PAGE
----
By Richard Hooker and William E. Butterworth

Pocket Books


192pp/$1.50/November 1976

M*A*S*H Goes to San Francisco
Cover by Alex Janson

Reviewed by Steven H Silver

Following the success of Richard Hooker's novel MASH, and especially the success of the film and television series based on it, Hook published a sequel, M*A*S*H Goes to Maine. That novel loosely reunited the denizens of the Swamp in a medical facility in Spruce Harbor, Maine, but failed to recapture the tone of the original novel or the works based on it. Subsequently, Hooker "co-wrote" a series of twelve novels with William E. Butterworth before reclaiming the series with M*A*S*H Mania (and ignoring the co-written books). The collaborations, however, were mostly written by Butterworth (who went on to greater success as W.E.B. Griffin). Over the course of the novels, he introduced numerous of his own characters, although Hooker's original characters continued to crop up. M*A*S*H Goes to San Francisco was the fifth of these novels.

Reading M*A*S*H Goes to San Francisco in an attempt to read about the characters familiar from Hooker's books, the film, or the television series will be disappointed. Although Hawkeye, Trapper John, Margaret Houlihan, Radar, and Frank Burns are all present, most of them are completely changed based on Butterworth's earlier books. Houlihan is now the high priestess of a cult and Radar (here, real name J. Robespierre O'Reilly) is married to an opera singer. The main action follows the characters they interact with, Radar's brother-in-law Boris Korsky-Rimsakov, Colonel C. Edward Whiley and his son Cornelius Sattyn-Whiley, and student nurse Barbara Ann Miller. Hooker's characters interact with them, but mostly are in supporting roles.

Unfortunately, M*A*S*H Goes to San Francisco is primarily an unsuccessful farce, written in broad strokes and with a juvenile sense of humor that attempts to be topical with broad satire that failed to his its mark when the novel was published and completely fails to launch several decades later (Boris Korsky-Rimsakov's name is just one example of the wit of the novel). Furthermore, while the original novel had misogynistic underpinnings, Butterworth has leaned into the misogyny and focused on good bit of attention to it. Houlihan remains the object of lust for Frank Burns, who travels across the country (with his wife) in the hopes of rekindling his affair with her. Nurse Miller is a former stripper who is most notable for her physical assets and her effect on the men around her. At the same time, Hawkeye and Trapper John are among those who can see past the physical attractions of the various female characters and treat them as individuals.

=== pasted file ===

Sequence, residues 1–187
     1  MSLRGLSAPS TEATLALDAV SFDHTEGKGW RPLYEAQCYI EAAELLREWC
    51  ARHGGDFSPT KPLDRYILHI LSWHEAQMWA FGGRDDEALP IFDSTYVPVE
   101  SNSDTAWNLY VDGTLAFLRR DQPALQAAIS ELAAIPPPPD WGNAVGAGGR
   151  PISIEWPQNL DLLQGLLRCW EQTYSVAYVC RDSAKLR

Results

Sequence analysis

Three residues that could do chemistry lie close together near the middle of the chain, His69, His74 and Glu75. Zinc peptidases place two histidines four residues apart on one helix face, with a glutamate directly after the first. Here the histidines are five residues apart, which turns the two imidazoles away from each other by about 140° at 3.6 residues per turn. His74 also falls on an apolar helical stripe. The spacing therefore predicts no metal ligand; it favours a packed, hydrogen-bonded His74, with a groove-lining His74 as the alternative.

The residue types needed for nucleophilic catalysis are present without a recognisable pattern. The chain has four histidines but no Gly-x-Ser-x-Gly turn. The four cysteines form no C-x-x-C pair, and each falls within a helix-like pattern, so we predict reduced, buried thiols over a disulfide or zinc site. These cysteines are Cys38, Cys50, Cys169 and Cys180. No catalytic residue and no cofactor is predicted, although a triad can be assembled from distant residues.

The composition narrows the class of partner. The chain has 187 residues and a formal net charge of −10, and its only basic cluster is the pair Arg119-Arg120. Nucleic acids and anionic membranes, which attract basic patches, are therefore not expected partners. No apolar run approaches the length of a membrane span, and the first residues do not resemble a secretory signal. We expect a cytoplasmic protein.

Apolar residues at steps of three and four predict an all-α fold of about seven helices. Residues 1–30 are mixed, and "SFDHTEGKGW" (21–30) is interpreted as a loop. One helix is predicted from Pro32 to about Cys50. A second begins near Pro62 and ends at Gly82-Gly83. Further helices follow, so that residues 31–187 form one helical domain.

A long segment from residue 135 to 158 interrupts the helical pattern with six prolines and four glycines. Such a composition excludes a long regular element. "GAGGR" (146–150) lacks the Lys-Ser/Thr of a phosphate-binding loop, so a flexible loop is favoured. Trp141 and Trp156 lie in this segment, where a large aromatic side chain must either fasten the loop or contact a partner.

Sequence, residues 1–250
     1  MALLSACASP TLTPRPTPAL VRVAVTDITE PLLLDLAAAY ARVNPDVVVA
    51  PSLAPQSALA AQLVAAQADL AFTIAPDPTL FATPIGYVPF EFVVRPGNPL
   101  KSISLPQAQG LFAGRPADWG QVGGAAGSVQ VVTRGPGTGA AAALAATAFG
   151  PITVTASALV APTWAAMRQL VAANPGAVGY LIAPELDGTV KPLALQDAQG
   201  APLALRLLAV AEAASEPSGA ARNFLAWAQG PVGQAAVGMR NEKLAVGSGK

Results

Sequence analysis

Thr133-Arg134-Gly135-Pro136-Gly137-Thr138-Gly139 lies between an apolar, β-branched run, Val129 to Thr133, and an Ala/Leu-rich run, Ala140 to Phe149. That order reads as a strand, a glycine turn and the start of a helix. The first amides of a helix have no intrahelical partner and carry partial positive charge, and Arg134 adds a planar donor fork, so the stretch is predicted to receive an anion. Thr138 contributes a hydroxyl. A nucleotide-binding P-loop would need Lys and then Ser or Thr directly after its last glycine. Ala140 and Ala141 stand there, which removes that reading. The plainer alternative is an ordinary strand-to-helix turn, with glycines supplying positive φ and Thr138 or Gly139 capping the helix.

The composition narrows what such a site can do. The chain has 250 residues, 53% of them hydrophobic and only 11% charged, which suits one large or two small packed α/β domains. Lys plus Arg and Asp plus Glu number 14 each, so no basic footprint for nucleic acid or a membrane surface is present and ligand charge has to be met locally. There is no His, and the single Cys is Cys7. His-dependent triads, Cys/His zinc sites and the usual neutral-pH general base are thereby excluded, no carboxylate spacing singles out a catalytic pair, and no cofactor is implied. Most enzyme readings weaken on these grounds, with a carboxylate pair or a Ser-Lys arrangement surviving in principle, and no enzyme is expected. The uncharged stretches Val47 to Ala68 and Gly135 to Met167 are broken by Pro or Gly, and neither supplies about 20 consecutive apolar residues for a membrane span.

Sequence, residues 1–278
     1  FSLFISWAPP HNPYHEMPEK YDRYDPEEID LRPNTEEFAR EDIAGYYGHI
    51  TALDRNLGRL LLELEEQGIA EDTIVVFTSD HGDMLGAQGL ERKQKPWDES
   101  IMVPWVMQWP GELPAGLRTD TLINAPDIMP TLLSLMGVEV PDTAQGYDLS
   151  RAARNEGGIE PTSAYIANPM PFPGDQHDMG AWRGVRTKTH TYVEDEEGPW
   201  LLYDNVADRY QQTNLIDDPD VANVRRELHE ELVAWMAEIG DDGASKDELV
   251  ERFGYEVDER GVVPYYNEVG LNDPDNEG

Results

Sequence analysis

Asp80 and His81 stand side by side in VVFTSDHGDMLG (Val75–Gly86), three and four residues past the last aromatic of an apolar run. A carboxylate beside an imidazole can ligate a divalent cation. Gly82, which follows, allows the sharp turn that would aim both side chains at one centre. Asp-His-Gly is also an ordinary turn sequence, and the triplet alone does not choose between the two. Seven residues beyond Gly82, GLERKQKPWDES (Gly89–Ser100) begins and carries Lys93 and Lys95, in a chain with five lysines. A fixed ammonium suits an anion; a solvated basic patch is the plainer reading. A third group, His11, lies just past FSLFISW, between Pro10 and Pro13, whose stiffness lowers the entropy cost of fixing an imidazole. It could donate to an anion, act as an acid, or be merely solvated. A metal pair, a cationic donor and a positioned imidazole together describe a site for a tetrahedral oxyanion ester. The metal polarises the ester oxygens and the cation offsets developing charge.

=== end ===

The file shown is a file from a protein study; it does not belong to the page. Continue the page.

The novel is also disjointed, jumping around from character to character and introducing plotlines and characters late in the narrative. Horsey de la Chevaux and San Sebastian president Francisco Hernandez suddenly appear, and although their story, or at least Hernandez's, eventually ties into one of the other subplots in the novel, the action is so fragment it is difficult to keep track of how (or even if) the various pieces fit together. Other storylines, such as Frank Burns' trip to San Francisco ends so precipitously that it almost feels as if Butterworth had lost interest in Burns' story arc.

Hooker's original novel was filled with black humor and his first sequel, M*A*S*H Goes to Maine attempted to take some of those characters and try to place them in a less bleak setting, Butterworth formulated M*A*S*H Goes to San Francisco as a broad farce and an attempt at satire that fails to hit its targets more often than not. The difference in tone in jarring and although Butterworth includes many of the characters from the original novel, it feels less like a visit with old friends and more like a book that is merely trying to using familiar names in unfamiliar ways.

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